Along with the connection of engagement with the academic adjustment indicators, it stands out because of its protective role against problematic adolescent behaviors, such as criminal acts and violence, substance use and depressive symptoms.1,2 Thus, as student engagement has been shown to be enabled through school intervention, its study is of special interest, especially in secondary education.3

Academic commitment, or engagement, refers to a psychological state characterized by the student’s sense of belonging, attributing value to education, and participating in school, learning, studying and in curricular activities.4,5 Academic engagement is particularly characterized by vigor (referring to energy, willingness and persistence in making an effort to perform school activities), dedication (with regard to the sense of enthusiasm, inspiration, pride and importance attributed to it, that is, psychological identification with studies and academic activities) and absorption (related to full concentration, without effort and intrinsic enjoyment, in academic demands, so that time seems to pass quickly and it is hard to detach oneself from activities).5 read more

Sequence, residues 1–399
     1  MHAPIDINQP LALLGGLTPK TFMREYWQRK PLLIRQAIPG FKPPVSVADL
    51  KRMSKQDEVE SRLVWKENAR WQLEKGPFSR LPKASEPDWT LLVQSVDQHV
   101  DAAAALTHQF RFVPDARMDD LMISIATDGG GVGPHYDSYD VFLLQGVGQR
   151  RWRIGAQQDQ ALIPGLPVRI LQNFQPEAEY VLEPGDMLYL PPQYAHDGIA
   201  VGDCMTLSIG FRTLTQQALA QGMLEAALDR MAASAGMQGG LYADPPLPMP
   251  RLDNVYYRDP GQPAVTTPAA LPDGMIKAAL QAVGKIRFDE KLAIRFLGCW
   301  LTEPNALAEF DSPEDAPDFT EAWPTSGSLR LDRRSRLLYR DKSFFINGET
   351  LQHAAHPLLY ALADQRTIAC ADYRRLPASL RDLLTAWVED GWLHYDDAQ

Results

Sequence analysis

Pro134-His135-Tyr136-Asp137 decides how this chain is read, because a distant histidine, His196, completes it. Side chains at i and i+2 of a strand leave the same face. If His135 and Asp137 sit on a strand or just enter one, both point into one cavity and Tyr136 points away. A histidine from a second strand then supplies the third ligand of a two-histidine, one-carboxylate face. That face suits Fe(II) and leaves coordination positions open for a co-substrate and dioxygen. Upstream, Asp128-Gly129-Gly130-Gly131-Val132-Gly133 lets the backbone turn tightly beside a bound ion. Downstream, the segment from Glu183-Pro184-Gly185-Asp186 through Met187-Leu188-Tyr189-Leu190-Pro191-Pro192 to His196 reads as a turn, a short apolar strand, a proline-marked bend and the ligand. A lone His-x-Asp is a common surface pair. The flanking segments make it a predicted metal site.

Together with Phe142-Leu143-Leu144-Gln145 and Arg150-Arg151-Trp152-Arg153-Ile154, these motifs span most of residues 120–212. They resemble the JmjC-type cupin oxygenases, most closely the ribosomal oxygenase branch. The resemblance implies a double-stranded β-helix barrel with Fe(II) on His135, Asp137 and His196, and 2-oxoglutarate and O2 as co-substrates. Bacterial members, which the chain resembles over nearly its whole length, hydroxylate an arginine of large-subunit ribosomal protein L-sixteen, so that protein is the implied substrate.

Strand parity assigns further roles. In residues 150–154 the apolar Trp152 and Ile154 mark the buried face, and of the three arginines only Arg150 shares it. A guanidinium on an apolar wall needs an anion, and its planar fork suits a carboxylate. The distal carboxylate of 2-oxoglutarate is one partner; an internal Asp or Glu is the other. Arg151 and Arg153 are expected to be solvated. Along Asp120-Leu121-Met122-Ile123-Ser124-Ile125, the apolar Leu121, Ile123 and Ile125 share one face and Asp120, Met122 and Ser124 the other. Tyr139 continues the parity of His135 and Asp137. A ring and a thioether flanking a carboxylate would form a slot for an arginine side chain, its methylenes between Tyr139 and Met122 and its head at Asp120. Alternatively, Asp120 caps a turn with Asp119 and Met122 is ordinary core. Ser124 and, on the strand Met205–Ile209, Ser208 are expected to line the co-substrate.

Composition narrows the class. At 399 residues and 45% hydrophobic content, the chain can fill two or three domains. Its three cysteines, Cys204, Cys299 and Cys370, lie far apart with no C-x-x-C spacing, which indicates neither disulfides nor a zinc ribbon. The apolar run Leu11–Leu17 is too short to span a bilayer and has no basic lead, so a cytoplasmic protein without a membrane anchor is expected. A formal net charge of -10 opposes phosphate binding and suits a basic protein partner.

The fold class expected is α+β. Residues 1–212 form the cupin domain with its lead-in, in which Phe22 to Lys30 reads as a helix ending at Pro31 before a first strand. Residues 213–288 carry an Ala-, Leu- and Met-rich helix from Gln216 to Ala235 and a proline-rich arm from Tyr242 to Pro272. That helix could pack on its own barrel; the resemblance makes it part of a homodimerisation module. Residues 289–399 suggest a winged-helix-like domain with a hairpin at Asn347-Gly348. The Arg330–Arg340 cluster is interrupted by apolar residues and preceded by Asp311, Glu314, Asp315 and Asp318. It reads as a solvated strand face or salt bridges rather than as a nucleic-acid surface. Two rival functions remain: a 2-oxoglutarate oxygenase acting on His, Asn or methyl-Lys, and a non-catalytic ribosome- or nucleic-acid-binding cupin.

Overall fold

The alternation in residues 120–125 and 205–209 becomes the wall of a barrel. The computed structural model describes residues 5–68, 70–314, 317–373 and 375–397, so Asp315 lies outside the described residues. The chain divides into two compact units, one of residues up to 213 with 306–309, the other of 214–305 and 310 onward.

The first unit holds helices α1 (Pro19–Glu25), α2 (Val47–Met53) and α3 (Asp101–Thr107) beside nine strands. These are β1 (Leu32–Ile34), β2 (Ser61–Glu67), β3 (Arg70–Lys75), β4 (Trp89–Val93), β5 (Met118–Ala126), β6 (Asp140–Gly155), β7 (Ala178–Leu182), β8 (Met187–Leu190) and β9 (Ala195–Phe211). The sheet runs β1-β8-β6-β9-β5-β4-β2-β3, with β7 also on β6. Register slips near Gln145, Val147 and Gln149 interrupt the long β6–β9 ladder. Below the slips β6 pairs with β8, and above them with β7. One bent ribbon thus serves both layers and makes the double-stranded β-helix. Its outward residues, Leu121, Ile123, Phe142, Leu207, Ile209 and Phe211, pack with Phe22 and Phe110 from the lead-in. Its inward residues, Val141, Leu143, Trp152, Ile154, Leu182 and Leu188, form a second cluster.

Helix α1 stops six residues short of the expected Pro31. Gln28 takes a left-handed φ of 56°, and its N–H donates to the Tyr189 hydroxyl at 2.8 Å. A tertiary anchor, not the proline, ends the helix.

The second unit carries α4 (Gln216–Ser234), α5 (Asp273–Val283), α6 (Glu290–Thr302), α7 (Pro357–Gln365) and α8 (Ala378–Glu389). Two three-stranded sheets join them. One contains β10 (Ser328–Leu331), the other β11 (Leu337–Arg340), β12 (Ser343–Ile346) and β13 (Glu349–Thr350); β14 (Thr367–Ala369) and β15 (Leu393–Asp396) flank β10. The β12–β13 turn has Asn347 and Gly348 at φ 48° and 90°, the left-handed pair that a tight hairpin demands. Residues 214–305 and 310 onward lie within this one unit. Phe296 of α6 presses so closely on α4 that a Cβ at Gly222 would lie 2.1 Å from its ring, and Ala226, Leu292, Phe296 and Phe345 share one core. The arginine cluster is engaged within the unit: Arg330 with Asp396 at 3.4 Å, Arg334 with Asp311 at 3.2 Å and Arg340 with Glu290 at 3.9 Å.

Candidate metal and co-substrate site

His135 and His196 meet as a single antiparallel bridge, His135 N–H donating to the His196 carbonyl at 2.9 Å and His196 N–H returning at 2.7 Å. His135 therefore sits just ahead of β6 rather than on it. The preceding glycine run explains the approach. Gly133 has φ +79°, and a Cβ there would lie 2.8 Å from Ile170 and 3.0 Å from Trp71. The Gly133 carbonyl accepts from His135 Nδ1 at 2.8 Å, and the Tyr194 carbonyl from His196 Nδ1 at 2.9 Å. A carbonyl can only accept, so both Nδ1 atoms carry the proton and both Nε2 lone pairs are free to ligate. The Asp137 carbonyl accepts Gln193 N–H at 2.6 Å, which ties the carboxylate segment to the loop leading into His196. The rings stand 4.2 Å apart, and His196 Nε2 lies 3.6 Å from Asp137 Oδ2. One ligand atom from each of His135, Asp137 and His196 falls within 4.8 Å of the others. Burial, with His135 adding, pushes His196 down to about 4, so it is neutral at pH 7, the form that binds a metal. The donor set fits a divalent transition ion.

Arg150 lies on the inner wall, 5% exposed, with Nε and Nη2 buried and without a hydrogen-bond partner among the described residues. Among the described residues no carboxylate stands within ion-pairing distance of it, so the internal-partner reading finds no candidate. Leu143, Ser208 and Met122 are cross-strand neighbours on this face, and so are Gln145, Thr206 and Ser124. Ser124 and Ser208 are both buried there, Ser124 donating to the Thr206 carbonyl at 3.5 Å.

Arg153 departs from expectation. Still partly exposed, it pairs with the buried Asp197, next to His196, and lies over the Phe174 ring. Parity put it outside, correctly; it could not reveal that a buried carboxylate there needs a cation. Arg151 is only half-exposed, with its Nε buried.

A growing body of research suggests that employees who devote additional effort beyond their required job duties might also be engaging in toxic or destructive work behavior, such as coming to work late, withholding needed information from others, and even engaging in theft.,Reconsider a carrot-and-stick approach to rewarding good behavior Sometimes, employees go above and beyond the call of duty out of an intrinsic desire to help the organization succeed.,Make employees’ social image a salient aspect of the environment Research suggests that when employees care about their reputation, they may be less likely to engage in behaviors that can hurt their social image, even if they feel licensed to do so after engaging in a praiseworthy act.,One study, for example, suggests that while creative employees are likely to feel emboldened to break workplace norms which can make them more inclined to cyberloaf, show up to work late, or engage in other harmful behaviors, their desires to preserve how they are viewed by those around them may help reduce their willingness to engage in such deviant acts.,Help employees feel connected to the organization One final way you can mitigate some of the destructive behaviors described above is by nurturing employees’ sense of belonging to their organization and its members.